From 1921 to1926 d’Ora and Benda spent the summers in Karlsbad seeking international clientele and in 1925 opened a studio in Paris together. However, Benda soon returned to Vienna, causing difficulties for d’Ora; in 1927 he took over her studio there, operating it under the name “d’Ora-Benda-Wien.” After this break, d’Ora and Benda never again spoke to each other.
In Paris d’Ora gained access to the international fashion industry and also received long-term contracts from the fashion magazines Die Dame and Officiel de la Couture et de la Mode. Her Paris photographs reflect the glamorous style of her clients there, including designer Coco Chanel (1883–1971), art deco painter Tamara de Lempicka (1898–1980), writer Colette (1873–1954) and performer Maurice Chevalier (1888–1972). In addition, d’Ora often published her own short essays to accompany her photos.
World War II and Postwar Work
D’Ora sold her Paris studio soon after the invasion of the Germans in 1940. Despite her conversion, she remained in danger because of her Jewish background. During the war she hid in a cloister in La Lanvese, in the southern province of Ardèche, and later on a farm. Many of her family were killed in the Holocaust, including her sister Anna.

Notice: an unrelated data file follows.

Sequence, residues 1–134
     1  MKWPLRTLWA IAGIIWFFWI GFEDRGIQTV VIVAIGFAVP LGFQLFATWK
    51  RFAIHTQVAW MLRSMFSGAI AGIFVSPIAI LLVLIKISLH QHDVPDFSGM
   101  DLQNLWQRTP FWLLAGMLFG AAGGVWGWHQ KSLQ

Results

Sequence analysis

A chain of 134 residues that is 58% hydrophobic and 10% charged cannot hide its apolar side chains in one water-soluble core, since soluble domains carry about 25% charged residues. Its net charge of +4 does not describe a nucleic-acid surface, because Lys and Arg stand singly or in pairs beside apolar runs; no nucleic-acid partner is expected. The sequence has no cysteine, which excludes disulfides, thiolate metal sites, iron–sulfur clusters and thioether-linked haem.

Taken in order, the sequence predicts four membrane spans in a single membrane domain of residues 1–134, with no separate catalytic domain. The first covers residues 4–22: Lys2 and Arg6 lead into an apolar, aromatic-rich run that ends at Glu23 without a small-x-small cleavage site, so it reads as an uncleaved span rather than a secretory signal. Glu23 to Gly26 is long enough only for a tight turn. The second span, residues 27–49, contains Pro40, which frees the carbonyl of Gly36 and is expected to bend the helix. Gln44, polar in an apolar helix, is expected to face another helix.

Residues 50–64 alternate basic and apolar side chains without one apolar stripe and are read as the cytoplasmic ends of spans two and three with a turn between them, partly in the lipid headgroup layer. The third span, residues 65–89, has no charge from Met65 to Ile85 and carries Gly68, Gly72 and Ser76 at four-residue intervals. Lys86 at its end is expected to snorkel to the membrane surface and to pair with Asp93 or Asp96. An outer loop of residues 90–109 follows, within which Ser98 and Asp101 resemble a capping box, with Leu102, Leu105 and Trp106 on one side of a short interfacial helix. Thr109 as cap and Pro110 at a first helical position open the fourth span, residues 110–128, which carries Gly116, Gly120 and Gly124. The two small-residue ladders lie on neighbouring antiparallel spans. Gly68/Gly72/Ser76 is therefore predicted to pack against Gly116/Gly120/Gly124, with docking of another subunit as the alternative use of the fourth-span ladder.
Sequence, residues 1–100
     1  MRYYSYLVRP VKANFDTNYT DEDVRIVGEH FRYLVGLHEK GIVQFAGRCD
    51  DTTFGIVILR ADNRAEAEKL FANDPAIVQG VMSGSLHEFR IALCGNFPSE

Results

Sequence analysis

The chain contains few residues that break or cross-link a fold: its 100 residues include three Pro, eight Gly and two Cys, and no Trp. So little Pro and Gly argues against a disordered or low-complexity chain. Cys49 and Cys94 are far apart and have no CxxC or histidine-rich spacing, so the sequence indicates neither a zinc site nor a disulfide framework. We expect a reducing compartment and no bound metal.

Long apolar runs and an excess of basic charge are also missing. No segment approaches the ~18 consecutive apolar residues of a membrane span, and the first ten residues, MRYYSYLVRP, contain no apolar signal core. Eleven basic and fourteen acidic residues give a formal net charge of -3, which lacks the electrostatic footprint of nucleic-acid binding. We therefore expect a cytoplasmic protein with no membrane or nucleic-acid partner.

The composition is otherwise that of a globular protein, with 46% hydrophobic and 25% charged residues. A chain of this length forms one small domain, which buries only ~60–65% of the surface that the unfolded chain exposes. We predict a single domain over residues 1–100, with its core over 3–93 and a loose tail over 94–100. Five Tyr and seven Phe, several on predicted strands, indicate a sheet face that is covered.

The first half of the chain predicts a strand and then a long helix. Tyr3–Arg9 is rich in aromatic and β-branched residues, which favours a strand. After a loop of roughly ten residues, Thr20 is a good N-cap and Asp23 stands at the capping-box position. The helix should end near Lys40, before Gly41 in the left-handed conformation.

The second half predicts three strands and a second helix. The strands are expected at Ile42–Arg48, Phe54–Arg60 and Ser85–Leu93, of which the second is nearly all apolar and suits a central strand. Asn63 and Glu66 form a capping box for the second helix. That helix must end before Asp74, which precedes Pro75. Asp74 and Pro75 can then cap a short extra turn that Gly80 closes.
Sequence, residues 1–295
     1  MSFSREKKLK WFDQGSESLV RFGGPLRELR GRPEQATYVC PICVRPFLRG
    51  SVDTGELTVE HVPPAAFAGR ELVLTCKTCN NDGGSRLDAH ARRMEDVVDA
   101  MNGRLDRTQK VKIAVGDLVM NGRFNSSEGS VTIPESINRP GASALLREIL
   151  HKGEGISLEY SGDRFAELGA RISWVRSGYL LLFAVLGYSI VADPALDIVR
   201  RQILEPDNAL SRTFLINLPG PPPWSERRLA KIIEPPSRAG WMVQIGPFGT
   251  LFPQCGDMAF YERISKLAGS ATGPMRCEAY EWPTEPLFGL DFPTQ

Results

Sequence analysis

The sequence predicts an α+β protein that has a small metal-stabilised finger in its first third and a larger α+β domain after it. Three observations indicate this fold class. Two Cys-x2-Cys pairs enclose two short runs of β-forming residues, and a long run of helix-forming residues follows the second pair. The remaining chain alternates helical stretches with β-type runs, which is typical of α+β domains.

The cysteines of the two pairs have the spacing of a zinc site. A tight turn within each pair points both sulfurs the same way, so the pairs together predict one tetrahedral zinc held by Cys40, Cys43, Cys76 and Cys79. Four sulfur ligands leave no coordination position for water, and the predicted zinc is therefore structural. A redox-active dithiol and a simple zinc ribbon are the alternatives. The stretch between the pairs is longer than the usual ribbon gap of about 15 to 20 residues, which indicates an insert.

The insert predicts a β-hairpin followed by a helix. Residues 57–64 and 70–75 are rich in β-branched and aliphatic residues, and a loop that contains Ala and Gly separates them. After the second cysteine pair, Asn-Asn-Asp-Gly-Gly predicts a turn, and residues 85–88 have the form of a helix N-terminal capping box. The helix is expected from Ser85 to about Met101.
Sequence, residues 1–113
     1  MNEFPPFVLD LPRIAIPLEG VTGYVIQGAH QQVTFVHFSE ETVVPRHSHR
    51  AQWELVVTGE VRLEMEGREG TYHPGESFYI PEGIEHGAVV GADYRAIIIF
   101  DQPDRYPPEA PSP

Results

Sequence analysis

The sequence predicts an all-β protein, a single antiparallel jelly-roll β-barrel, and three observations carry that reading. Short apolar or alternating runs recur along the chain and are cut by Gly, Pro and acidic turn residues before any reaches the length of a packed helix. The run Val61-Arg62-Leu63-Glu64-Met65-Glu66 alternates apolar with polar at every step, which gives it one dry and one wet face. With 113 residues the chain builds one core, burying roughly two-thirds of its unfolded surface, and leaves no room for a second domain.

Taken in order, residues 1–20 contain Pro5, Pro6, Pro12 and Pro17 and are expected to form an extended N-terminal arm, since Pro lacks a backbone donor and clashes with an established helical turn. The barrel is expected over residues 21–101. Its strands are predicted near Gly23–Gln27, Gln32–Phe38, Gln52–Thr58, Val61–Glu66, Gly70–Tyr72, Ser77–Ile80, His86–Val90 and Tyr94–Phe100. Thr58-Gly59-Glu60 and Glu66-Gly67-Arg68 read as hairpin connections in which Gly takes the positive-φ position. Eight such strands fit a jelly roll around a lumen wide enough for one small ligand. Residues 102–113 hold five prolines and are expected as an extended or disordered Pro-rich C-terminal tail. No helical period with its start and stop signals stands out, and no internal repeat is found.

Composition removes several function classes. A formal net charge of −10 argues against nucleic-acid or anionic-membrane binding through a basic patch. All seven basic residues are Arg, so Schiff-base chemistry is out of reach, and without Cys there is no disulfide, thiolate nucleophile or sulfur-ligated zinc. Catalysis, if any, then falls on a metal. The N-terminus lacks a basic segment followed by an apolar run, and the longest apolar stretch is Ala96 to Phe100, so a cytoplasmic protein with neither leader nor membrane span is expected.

Both the subject and style of d’Ora’s photographs changed radically after the war. Already in 1945 she documented the plight of refugees at a camp in Austria and in 1956, at the age of seventy-five, completed a series vividly depicting the brutality of Paris slaughterhouses. After she was hit by a motorcycle in 1959, d’Ora lost much of her memory and was unable to work. She spent her remaining years in Frohnleiten, Austria, in the family house that had been forcibly sold under the Nazis but later returned to her. She died on October 28, 1963.
Selected Writings by Madame d’Ora
“Hundeporträts.” Die Dame 4, Berlin (1926): 36.
“Die Jadefigur. Eine Caprice von Mme. D’Ora.” Das Magazin 39, Berlin (1927): 1630.
“Das Auto und die Tänzerin.” Die Dame 19, Berlin (1929): 19.